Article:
BIG PHARMA EARNINGS WATCH: ASTRAZENECA
AstraZeneca’s Q3 Earnings Report Shows Pandemic Price Hikes Profitable for Brand Name Drug Maker
A late third-quarter earnings report from brand name drug makers AstraZeneca shows once again that the pandemic has proven hugely profitable for Big Pharma. AstraZeneca followed other Big Pharma giants that performed well in the third quarter of the year after hiking prices on products in their portfolios throughout the pandemic.
- AstraZeneca reported revenue and sales that topped Wall Street expectations for the quarter.
- The company reported third-quarter revenue rose a whopping 50 percent to $9.9 billion. Revenue for the first nine months of the year was up by nearly one-third, to $25.4 billion.
- Strong sales were driven by the company’s oncology portfolio, which rose 18 percent year over year. Oncology drug Tagrisso performed particularly well, bringing in $1.25 billion in the quarter.
- In addition, the company announced it would be switching to a for-profit model for sales of its COVID-19 vaccine. Originally, the company agreed to sell the vaccine for no profit in a deal it made with Oxford University, which co-developed the drug.
The strong earnings report comes as the company has launched a series of price hikes during the pandemic, and has a history of engaging in anti-competitive tactics:
- The brand name drug maker has hiked prices on at least 22 medications so far this year.
- Last summer, AstraZeneca increased prices on more than 18 different drugs at the height of the pandemic – including on popular cholesterol drug Crestor and blockbuster drug Symbicort.
- The company has hiked prices on products in its portfolio at least three times during the COVID-19 pandemic.
AstraZeneca has a long history of hiking prices on Americans struggling to afford their medications:
- AstraZeneca Was One Of Several Companies To Participate In Big Pharma’s Biennial Price Hikes This Summer – despite the unprecedented economic uncertainty facing millions of Americans grappling with the pandemic – by increasing prices on 18 drugs, including on popular cholesterol drug Crestor and blockbuster drug Symbicort. (Tori Marsh, “Live Updates: July 2020 Drug Price Increases,” GoodRx, 8/3/20)
- In Anticipation Of Generic Competition For Its Blockbuster Anti-Ulcer Drug Prilosec, AstraZeneca, “Introduced And Pushed Doctors To Prescribe” A New Drug “Which Was Only Slightly Chemically Different From Prilosec But Had 13 Years Of Patent Protection Left.” The Report Estimates The One-Year Cost Of This Product Hop To Be Almost $2.4 Billion. “The anti-ulcer drug Prilosec was, at one time, the top drug by sales in the United States. In 2000, before its scheduled patent expiration the following year, Prilosec sales reached $4.1 billion (NIHCM Foundation, 2001). In anticipation of generic competition for its blockbuster product, AstraZeneca, Prilosec’s manufacturer, introduced and pushed doctors to prescribe its new anti-ulcer drug, Nexium, which was only slightly chemically different from Prilosec but had 13 years of patent protection left. A lawsuit alleging that AstraZeneca engaged in anticompetitive behavior with Prilosec and Nexium was dismissed in early 2008 when a district court found that AstraZeneca “did not eliminate consumer choice” (Callan, 2015). But antitrust experts have pointed out that the court’s reasoning ignores “the realities of drug markets,” where a prescription for a single-source brand drug removes the option of a generic version (Carrier and Shadowen, 2016).” (Alex Brill, “The Cost of Brand Drug Product Hopping,” Matrix Global Advisors, 9/11/20)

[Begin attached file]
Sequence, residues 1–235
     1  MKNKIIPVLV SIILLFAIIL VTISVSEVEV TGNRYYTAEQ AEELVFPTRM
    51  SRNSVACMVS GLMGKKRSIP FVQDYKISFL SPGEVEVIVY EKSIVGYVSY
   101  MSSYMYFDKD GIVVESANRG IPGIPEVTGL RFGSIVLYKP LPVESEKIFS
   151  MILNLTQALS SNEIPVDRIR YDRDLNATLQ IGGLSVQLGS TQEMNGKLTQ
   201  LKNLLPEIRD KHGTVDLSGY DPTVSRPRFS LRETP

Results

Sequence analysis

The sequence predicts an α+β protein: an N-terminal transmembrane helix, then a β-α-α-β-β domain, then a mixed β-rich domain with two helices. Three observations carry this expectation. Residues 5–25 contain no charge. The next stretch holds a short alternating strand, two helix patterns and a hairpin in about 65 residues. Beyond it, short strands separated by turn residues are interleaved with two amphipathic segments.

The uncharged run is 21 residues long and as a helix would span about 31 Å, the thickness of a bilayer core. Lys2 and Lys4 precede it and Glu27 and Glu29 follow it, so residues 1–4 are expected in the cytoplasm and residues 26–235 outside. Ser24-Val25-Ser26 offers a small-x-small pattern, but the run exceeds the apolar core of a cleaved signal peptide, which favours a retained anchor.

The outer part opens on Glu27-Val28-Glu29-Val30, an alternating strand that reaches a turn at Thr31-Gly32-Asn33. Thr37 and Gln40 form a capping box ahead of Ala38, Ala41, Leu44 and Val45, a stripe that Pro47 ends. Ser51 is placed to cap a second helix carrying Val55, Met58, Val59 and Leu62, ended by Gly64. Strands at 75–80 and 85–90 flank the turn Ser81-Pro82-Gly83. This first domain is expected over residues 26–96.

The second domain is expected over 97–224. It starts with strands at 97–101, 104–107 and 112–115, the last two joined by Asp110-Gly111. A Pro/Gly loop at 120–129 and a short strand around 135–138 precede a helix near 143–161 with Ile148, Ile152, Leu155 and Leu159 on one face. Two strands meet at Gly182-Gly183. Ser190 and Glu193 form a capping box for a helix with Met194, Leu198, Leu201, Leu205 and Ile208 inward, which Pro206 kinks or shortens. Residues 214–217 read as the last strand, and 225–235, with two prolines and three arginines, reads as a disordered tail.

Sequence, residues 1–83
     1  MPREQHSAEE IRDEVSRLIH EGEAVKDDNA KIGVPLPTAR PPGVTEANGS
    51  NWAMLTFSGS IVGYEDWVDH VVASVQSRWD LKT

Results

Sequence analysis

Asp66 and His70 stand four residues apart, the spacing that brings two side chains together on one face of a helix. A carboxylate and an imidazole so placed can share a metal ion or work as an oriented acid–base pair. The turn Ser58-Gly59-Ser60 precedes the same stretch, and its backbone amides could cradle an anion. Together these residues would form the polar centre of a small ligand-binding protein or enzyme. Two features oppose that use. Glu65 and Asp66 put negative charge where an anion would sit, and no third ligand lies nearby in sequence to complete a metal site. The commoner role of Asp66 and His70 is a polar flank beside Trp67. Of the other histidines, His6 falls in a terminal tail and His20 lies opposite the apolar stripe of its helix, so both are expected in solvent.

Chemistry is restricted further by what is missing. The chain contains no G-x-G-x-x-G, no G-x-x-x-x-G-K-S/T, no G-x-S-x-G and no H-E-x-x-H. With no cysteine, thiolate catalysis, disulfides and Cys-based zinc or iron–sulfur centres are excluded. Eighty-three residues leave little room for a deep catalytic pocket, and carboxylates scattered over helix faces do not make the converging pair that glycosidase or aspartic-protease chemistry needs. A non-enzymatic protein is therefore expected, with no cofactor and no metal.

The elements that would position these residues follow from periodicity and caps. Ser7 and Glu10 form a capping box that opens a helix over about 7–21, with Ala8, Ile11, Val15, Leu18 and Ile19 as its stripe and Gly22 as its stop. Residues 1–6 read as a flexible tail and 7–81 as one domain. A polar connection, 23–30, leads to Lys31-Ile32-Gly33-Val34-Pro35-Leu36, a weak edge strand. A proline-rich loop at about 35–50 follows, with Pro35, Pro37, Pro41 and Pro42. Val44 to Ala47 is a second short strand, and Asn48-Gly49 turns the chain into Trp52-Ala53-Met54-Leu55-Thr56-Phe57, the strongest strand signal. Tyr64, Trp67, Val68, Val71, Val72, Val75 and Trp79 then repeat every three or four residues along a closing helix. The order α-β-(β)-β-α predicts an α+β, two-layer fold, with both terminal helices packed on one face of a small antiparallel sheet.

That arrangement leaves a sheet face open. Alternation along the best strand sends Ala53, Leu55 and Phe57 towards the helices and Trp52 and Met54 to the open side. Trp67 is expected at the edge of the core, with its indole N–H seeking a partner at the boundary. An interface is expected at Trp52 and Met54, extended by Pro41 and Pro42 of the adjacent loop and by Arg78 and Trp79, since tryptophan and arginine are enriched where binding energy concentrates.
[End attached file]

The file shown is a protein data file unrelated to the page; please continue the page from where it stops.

- As AstraZeneca Faced Generic Competition To Its High Cholesterol Drug Crestor, Its “Price Was Increased Several Times Before The Generic Came Out … Including By About 15 Percent Right Before.” “AstraZeneca’s AZN, -0.08% drug Crestor, another of the drugs featured in the report, is a popular but expensive drug that treats high cholesterol. In 2016, when the drug first got a new generic rival, the branded product cost about $300 a month without insurance coverage. The price was increased several times before the generic came out … including by about 15% right before. (AstraZeneca said it could not comment because it was not involved in the study.)” (Emma Court, “Big Pharma Games The System To Make Generic Drugs More Expensive,” MarketWatch, 8/3/18)
- AstraZeneca’s Pricing Strategy Served To Create “A New, Higher Baseline Price When The Generic Hits The Market.” (Tori Marsh, “Prices For Brand Drugs Spike Before A Generic Is Released. Here’s Why.,” GoodRx, 7/27/18)
- After Increasing Drug Prices By As Much As Nine Percent, On A 2018 Earnings Call, Soriot Insisted The Company Was “Sensitive” To Drug Pricing Concerns And Said It Had Raised “Wholesale Prices Earlier [That] Year By ‘Very, Very Modest’ Amounts.” “During an earnings conference call, the AstraZeneca chief executive disclosed the company would not raise prices in the U.S. for the rest of year. Other drug makers have taken the same step in response to pressure from the Trump administration, but he insisted this was ‘our plan … all along’ … He maintained AstraZeneca was sensitive to the problem by raising wholesale prices earlier this year by ‘very, very modest’ amounts, ‘between 1 and 3 percent’ which, he said, was ‘in line with inflation.’” (Ed Silverman, “When Modest Is Actually Excessive: AstraZeneca Spins Its Price Hikes,” STAT News, 7/26/18)
Read more on Q3 earnings from Johnson & Johnson and Roche HERE.
Read more on Q3 earnings from Novartis, Merck, GlaxoSmithKline and Bristol-Myers Squibb HERE.
Read more on Q3 earnings from Sanofi, AbbVie, Pfizer and Amgen HERE.
Learn more about market-based solutions to hold Big Pharma accountable and lower prescription drug prices HERE.